Macrophages polarization and density of tumor-associated dendritic cells correlated with depth of invasion in gastric adenocarcinoma

Edina Lazović Salčin, Svjetlana Radović, Mirsad Dorić, Suada Kuskunović-Vlahovljak, Nina Čamdžić, Mirsad Babić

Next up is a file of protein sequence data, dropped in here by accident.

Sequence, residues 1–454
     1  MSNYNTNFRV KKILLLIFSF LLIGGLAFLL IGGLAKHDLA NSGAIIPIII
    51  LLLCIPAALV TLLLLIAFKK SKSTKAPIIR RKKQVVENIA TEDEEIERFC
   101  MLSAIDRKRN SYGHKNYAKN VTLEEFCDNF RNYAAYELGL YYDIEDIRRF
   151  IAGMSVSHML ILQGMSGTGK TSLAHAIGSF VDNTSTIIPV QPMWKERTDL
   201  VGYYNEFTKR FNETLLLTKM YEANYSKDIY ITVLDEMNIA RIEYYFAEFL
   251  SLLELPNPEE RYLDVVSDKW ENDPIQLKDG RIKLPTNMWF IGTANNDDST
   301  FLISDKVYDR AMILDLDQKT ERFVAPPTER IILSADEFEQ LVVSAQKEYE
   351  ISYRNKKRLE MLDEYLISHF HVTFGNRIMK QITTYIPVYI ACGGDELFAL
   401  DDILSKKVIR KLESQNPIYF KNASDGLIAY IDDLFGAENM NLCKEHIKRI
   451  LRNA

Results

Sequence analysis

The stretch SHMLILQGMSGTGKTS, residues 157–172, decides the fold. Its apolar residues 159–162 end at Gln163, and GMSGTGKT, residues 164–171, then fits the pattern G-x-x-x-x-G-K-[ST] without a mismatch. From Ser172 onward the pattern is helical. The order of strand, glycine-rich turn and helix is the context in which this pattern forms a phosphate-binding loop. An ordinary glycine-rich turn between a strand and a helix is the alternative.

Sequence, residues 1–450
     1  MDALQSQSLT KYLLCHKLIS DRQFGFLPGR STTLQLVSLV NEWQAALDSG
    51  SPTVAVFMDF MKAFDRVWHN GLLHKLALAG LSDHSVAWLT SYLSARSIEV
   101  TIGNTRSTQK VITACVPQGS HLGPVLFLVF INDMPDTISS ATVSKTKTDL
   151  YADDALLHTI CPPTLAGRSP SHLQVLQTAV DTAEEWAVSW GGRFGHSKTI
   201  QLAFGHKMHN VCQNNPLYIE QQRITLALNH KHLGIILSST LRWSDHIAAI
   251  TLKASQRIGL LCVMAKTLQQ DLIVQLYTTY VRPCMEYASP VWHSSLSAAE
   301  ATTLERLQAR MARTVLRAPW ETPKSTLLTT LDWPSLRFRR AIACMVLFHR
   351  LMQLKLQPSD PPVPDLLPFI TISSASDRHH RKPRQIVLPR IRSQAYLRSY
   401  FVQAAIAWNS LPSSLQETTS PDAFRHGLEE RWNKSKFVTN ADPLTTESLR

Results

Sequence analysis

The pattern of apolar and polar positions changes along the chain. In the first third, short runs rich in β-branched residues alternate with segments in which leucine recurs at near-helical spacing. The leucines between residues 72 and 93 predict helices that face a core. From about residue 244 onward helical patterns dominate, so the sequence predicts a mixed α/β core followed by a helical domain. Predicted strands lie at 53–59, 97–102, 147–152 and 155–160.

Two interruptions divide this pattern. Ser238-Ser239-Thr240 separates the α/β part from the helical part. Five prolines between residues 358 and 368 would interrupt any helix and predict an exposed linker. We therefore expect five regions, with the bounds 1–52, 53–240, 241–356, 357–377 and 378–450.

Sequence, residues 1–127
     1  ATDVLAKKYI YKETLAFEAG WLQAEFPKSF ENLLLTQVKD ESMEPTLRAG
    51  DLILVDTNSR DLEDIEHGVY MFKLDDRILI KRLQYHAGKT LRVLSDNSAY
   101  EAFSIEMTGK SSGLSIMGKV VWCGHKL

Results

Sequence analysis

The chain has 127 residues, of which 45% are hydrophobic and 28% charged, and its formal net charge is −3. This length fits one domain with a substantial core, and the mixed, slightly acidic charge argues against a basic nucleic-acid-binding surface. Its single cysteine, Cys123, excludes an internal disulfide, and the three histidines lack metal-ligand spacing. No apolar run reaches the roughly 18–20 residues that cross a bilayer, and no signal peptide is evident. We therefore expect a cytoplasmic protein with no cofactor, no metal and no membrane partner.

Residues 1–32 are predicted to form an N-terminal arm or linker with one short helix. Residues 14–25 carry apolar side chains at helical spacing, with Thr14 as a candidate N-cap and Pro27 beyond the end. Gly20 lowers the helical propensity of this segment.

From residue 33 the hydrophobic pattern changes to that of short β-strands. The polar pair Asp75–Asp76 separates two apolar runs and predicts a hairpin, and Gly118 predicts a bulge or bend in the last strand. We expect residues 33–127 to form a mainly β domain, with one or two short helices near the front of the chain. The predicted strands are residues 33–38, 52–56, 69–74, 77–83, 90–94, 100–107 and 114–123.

Introduction: Tumor-associated macrophages (TAM) are the most common inflammatory cells in the tumor microenvironment (TM). As a response to microenvironmental signals, they polarize into tumor resisting M1 or promoting M2 macrophages. TAM and tumor-associated dendritic cells (TADC) can either promote tumor growth and tissue invasiveness or have anti-tumor activity. The aim of the study was the examination of prognostic value in the individual cell population in TM and their correlation with clinicopathological parameters of gastric cancer. Materials and Methods: The study analyzed 60 samples of gastric cancer, known status of regional lymph nodes and without dissemination at the time of diagnosis. The control group was normal gastric tissue samples. Traditional parameters of biological aggressiveness, tumor size, histological grade, and lymphovascular invasion, are determined after standard hematoxylin-eosin staining. TAM and TADS have been evaluated using the immunohistochemical method with CD68 (TAM), TNFa (TAM-M1), CD163 (TAM-M2), and S100 (TADC) antibodies. Expression evaluation of the tissue antigen was carried out by semiquantitative methods. Results: There were statistically significant differences of TAM density (P 0.05). Conclusion: TAMs and TADC have shown potential as biomarkers for evaluating the gastric cancer staging and progression. They showed promising prediction in depth of invasion, histological grade of tumor and tumor size. Keywords: gastric cancer, tumor microenvironment, TAM, TAM-M1/M2, TADC

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